With all the writing on its sides, the motor home sitting in a Mount Laurel parking lot could have been a bookmobile.

But this was a magic bus. Inside, outer space was beckoning, and with it a path to knowing Earth, the moon, and the stars.

With career opportunities burgeoning in the geosciences, mathematics, technology, and engineering, Rowan College at Burlington County and Palmyra Cove Nature Park have turned a humble RV into what they are billing as a "virtual reality laboratory."

And on Wednesday, they were showing it off at the college.

"We're creating a geoscience degree," David Spang, vice president and provost of the community college, told reporters gathered at the vehicle.

As part of a long-term strategy for drawing students into the program, Spang said, the 30-foot vehicle has been equipped with a satellite remote-sensing laboratory, an inflatable planetarium, a "global learning" laboratory, and - for the wow factor - virtual reality headsets for viewing Earth from a simulated space station high above the planet.

Pitched to students from grammar school through high school, the rolling laboratory can travel to schools and also serve as part of the program at Palmyra Cove, a 250-acre nature and teaching center on the Delaware River operated by the Burlington County Bridge Commission.

About 5,000 students visit the cove each year, said Peter Dorofy, its director of science technology and education, "and most have never experienced virtual reality."

"But it's going to happen," he said. "And we want their first virtual reality experience to be a geoscience experience - seeing Earth from space."

John Moore, the center's director for geoscience and science, technology, engineering, and mathematics education, agreed.

"Look at how many people work at NASA because of Star Wars," he said. "It's like that."

Only time will tell if the lab's wow factor steers large numbers of young people into the college, or into programs such as Rowan University's new School of Earth and Environment, which will open next year.

But Freeholder Mary Ann O'Brien - who earlier had said at the news conference that students can matriculate at the county college for three years, study for one year at Rowan University, and earn a bachelor's degree from Rowan, "all for just $30,000" - seemed dazzled by the experience.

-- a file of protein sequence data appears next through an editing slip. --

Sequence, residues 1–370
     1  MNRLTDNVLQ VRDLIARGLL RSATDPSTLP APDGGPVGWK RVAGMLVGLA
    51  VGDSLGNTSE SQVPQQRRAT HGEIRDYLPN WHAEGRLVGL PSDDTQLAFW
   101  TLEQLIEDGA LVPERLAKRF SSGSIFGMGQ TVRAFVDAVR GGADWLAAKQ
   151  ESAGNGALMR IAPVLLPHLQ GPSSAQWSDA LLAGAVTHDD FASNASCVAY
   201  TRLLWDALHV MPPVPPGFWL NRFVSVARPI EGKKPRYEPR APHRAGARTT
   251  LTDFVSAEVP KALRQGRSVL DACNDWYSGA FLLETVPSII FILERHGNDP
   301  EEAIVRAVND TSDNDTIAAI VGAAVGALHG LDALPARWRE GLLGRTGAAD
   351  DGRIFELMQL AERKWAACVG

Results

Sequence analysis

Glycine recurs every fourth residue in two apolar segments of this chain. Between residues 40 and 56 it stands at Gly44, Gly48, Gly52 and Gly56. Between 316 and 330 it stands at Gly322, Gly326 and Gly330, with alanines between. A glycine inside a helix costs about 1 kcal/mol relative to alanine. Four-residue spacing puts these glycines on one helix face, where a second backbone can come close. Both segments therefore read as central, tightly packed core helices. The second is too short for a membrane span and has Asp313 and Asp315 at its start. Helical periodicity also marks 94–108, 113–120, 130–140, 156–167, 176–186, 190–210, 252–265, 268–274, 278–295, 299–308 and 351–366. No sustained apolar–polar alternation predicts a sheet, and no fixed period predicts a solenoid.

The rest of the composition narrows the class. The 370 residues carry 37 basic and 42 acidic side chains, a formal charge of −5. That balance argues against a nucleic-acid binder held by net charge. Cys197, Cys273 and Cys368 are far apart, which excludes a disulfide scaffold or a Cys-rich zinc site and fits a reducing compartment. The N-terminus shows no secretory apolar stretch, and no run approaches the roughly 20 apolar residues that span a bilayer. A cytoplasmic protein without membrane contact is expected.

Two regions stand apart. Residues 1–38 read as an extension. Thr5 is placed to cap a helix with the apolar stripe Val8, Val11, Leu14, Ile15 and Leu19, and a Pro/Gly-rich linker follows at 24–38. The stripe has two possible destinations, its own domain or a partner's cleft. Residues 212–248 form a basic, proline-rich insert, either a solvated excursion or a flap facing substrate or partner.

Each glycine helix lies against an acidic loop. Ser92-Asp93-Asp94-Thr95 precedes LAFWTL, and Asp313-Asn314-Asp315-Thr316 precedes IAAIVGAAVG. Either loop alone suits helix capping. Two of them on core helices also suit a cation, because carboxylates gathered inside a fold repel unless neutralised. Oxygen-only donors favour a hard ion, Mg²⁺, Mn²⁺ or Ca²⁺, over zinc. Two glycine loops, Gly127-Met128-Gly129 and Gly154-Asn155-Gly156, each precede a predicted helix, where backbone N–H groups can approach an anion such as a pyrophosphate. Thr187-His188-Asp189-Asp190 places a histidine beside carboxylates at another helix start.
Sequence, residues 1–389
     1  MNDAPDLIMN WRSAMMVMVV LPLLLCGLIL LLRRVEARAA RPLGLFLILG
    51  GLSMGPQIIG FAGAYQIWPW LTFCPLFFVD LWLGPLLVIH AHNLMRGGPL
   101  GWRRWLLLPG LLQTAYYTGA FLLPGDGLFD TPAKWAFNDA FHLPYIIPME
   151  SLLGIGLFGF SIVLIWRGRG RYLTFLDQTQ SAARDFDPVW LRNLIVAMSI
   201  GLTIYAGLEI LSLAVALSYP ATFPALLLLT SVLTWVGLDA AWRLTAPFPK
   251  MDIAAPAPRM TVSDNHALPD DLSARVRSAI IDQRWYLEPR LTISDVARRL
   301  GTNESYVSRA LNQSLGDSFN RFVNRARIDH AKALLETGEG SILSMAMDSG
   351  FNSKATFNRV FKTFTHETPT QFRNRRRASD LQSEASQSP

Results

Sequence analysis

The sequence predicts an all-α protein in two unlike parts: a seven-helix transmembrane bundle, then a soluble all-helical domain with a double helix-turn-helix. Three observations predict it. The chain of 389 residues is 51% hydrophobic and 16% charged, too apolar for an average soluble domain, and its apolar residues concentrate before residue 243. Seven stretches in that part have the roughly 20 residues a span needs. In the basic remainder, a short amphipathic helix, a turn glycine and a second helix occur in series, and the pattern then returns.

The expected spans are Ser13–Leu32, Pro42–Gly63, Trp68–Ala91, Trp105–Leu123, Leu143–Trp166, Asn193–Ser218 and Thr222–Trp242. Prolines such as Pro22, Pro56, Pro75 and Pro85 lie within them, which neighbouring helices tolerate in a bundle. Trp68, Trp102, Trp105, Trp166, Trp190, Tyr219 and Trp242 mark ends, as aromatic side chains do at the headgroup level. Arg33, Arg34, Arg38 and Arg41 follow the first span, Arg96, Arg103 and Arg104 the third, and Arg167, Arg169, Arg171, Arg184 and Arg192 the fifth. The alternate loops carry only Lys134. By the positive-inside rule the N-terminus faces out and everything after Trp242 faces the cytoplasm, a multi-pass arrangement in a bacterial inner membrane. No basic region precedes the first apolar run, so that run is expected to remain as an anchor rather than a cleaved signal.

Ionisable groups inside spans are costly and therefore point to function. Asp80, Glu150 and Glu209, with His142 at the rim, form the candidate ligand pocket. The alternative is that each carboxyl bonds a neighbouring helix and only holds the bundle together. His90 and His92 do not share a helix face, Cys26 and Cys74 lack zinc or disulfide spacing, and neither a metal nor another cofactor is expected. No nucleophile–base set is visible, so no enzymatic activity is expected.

"Oh, my God, I'm aboard a spaceship," she exclaimed, moments after donning a pair of virtual reality goggles.

"Oh, wow," she said, then fell silent as she turned her head to look out a simulated spaceship window at a giant, rotating, three-dimensional Earth.

The real-time clouds and weather patterns she was seeing had been downloaded into the image hours earlier. These included the fading tropical storm over the eastern United States that had turned the morning sky above the RV gray.

"Look to your left," Dorofy instructed, and as O'Brien did so, she was startled.

"Are these robots?" she cried out, and laughed when Dorofy explained that the motionless humanoids that appeared to be sitting at desks next to her in the "space station" were there to amuse and intrigue young visitors.

"This is fabulous," she said.

While the virtual reality experience is designed to last only a minute or two, Moore and Dorofy said the laptop computers at adjacent desks contain experiments scaled to various grade levels.

They also pointed out an array of traditional microscopes for studying such things as the microinvertebrates found in water.

"Our vision is that this is just the tip of the iceberg," Moore said. "We hope to keep adding things that will point students to all the fields they can explore."


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